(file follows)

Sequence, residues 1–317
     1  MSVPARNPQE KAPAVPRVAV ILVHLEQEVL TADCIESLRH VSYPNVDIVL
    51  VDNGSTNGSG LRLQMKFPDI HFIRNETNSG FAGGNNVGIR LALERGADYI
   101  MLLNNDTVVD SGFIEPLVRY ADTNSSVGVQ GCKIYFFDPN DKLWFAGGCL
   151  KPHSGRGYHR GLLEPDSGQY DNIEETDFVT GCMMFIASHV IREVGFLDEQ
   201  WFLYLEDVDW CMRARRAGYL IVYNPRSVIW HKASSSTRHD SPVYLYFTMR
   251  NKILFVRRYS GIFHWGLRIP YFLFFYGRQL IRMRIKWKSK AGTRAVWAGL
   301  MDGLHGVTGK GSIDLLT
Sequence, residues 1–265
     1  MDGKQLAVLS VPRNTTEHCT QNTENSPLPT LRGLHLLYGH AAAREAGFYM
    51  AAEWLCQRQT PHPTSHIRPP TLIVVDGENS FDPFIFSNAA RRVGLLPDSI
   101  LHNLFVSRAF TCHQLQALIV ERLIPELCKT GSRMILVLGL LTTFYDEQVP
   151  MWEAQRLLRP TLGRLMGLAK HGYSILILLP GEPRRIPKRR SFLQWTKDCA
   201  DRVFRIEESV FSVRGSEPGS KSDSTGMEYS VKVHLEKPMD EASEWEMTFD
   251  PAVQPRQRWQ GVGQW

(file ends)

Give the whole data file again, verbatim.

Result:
Sequence, residues 1–317
     1  MSVPARNPQE KAPAVPRVAV ILVHLEQEVL TADCIESLRH VSYPNVDIVL
    51  VDNGSTNGSG LRLQMKFPDI HFIRNETNSG FAGGNNVGIR LALERGADYI
   101  MLLNNDTVVD SGFIEPLVRY ADTNSSVGVQ GCKIYFFDPN DKLWFAGGCL
   151  KPHSGRGYHR GLLEPDSGQY DNIEETDFVT GCMMFIASHV IREVGFLDEQ
   201  WFLYLEDVDW CMRARRAGYL IVYNPRSVIW HKASSSTRHD SPVYLYFTMR
   251  NKILFVRRYS GIFHWGLRIP YFLFFYGRQL IRMRIKWKSK AGTRAVWAGL
   301  MDGLHGVTGK GSIDLLT
Sequence, residues 1–265
     1  MDGKQLAVLS VPRNTTEHCT QNTENSPLPT LRGLHLLYGH AAAREAGFYM
    51  AAEWLCQRQT PHPTSHIRPP TLIVVDGENS FDPFIFSNAA RRVGLLPDSI
   101  LHNLFVSRAF TCHQLQALIV ERLIPELCKT GSRMILVLGL LTTFYDEQVP
   151  MWEAQRLLRP TLGRLMGLAK HGYSILILLP GEPRRIPKRR SFLQWTKDCA
   201  DRVFRIEESV FSVRGSEPGS KSDSTGMEYS VKVHLEKPMD EASEWEMTFD
   251  PAVQPRQRWQ GVGQW